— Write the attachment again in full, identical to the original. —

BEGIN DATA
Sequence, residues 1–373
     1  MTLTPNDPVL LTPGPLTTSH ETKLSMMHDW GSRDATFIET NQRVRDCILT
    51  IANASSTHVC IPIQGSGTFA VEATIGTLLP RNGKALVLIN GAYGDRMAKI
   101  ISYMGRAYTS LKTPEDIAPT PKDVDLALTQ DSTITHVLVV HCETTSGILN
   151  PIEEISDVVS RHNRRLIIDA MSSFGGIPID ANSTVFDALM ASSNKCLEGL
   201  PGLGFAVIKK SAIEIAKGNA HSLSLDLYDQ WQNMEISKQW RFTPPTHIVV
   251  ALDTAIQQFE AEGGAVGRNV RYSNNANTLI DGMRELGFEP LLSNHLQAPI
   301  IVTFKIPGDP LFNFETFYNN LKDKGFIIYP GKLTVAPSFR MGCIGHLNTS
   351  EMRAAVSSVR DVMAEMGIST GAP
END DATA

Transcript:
Sequence, residues 1–373
     1  MTLTPNDPVL LTPGPLTTSH ETKLSMMHDW GSRDATFIET NQRVRDCILT
    51  IANASSTHVC IPIQGSGTFA VEATIGTLLP RNGKALVLIN GAYGDRMAKI
   101  ISYMGRAYTS LKTPEDIAPT PKDVDLALTQ DSTITHVLVV HCETTSGILN
   151  PIEEISDVVS RHNRRLIIDA MSSFGGIPID ANSTVFDALM ASSNKCLEGL
   201  PGLGFAVIKK SAIEIAKGNA HSLSLDLYDQ WQNMEISKQW RFTPPTHIVV
   251  ALDTAIQQFE AEGGAVGRNV RYSNNANTLI DGMRELGFEP LLSNHLQAPI
   301  IVTFKIPGDP LFNFETFYNN LKDKGFIIYP GKLTVAPSFR MGCIGHLNTS
   351  EMRAAVSSVR DVMAEMGIST GAP